Voices of Autism: ‘I Have to Keep Positive and Hopeful’
Every day throughout April–Autism Awareness Month–we will be featuring a different reader-submitted story about living with autism. Today’s story was written by Kerry Mihalik, mother of Ryan, 4:
It’s utter and sheer exhaustion at the end of each night. I am tired, sore, achy, stressed, miserable, and overwhelmed more often than is healthy. Yet bizarrely enough, some nights I just can’t fall asleep. Randomly, I will break into tears from the stress of it all. Sometimes, I feel inadequate to raise Ryan properly because I missed something–a new symptom or habit. Or then I’ll learn something new about how to help him and I wish I learned it earlier. Often a gloom cloud of desperation comes over you because so much of your life is out of your control. It just never ends; the problems, the issues, the concerns, the worries.
There are many days that I don’t get anything done because I myself am too tired or sick. I’ve got to clean, cook, shop, nap, write, run errands, job search. I’ve given up much of my social life in favor of sleep. I just don’t have time for friends. I care. I love them but I can’t listen to other people’s problems. Mine are too overwhelming. I feel bad if I share with my friends the reality of my life. Sometimes I alarm my friends with my daily stress level and I don’t want to do that. My friends love me and worry about me. Many times I make plans with friends and have to cancel at the last minute due to sheer exhaustion. I feel that many of my friendships will not endure. I can’t be the great friend that I used to be. Any free time I have is spent resting or spending time with my husband, in order to maintain my marriage, which takes effort.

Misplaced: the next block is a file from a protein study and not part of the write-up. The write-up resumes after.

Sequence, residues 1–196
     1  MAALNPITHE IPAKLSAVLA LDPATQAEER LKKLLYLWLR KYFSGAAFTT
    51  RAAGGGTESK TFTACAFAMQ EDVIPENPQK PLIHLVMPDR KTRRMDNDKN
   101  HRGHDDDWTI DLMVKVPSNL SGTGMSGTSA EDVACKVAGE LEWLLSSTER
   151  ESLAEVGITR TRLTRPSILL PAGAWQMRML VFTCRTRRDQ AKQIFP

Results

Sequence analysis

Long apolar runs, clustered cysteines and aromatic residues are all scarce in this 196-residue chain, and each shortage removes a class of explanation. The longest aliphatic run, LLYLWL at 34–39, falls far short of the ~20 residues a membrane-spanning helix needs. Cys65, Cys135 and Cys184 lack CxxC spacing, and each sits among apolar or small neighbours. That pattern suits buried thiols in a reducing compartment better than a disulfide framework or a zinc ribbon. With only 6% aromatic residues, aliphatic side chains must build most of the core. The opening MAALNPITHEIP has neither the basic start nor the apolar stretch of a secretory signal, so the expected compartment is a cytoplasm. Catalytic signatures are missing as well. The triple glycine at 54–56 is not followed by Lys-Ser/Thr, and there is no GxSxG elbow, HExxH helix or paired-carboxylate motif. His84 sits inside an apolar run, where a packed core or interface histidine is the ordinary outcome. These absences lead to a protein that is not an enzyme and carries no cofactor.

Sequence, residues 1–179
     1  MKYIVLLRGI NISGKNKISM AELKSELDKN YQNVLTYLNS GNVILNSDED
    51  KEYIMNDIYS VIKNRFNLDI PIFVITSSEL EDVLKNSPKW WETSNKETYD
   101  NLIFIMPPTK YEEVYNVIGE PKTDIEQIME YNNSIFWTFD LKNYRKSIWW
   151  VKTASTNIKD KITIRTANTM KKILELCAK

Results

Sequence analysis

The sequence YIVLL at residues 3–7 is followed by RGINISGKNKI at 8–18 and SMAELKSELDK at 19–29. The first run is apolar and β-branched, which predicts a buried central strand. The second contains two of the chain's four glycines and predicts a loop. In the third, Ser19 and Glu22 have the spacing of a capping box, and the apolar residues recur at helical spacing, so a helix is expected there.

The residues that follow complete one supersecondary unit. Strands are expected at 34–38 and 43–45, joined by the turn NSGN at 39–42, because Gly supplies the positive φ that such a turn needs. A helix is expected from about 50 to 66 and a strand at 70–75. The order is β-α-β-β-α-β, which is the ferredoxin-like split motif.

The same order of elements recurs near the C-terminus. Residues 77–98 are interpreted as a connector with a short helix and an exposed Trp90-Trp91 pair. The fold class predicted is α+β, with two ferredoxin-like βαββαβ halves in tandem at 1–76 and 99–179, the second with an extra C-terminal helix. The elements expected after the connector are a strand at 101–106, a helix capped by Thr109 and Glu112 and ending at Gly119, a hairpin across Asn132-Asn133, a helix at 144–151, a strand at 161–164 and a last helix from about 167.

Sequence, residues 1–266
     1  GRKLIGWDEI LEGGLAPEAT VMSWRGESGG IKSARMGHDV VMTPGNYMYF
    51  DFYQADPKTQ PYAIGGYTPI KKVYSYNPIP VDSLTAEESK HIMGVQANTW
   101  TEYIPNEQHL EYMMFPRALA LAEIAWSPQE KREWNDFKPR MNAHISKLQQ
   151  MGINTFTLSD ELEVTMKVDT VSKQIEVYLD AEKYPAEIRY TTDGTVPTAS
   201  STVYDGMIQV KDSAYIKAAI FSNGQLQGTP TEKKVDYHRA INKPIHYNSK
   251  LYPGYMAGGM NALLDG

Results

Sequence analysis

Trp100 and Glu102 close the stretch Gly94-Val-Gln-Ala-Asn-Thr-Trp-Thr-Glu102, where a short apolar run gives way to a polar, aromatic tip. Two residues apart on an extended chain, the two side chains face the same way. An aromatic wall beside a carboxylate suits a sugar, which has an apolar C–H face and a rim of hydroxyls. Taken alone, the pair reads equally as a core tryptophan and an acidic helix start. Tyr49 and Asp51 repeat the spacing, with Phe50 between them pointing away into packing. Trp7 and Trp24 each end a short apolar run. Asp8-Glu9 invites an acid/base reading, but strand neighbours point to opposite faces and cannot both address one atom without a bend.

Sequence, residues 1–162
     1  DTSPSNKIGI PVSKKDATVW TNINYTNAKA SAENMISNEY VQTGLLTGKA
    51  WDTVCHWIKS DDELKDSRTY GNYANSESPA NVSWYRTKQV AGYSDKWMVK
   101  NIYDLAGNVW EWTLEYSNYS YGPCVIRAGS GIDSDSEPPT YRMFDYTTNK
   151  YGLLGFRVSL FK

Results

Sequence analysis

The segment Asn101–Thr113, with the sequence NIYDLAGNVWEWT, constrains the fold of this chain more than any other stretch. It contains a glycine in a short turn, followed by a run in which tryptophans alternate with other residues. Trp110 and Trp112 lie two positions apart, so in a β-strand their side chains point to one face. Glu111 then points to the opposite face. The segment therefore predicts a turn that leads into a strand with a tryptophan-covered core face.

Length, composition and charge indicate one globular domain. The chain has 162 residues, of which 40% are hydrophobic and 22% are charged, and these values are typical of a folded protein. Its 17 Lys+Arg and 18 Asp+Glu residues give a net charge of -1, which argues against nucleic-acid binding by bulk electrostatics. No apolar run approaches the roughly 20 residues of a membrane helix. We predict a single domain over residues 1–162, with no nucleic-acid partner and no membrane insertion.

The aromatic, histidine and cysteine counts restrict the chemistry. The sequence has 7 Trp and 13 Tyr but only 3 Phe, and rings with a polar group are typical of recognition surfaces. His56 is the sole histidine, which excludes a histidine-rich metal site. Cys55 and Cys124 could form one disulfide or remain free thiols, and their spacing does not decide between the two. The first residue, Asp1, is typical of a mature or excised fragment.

Every week I’m either meeting with a social worker, teacher, or doctor, or setting appointments for one of the kids or my husband or myself. Two appointments a week is all I can manage. And although I was a professional social worker myself for years, I never realized how intrusive social workers can be. It’s their job and they do it well, but often I chafe against their questions. I’m a private, quiet person. I can write all day about my life, but talking face to face to someone asking me intensely personal questions is not easy for me. I get so defensive sometimes. I have to bite my tongue.
Ryan is improving a great deal. We are so, so blessed for this. I am grateful every day. But often at night I lay awake and I wonder what Ryan’s future is going to look like. How much will he progress? What are his limits? Sometimes, I get real deep and wonder if my belief in him is connected to his ability. So because of that, I have to keep positive and hopeful. I can’t afford negative thoughts. If somehow that negativity slips into his sensitive soul, I will never forgive myself.Add a Comment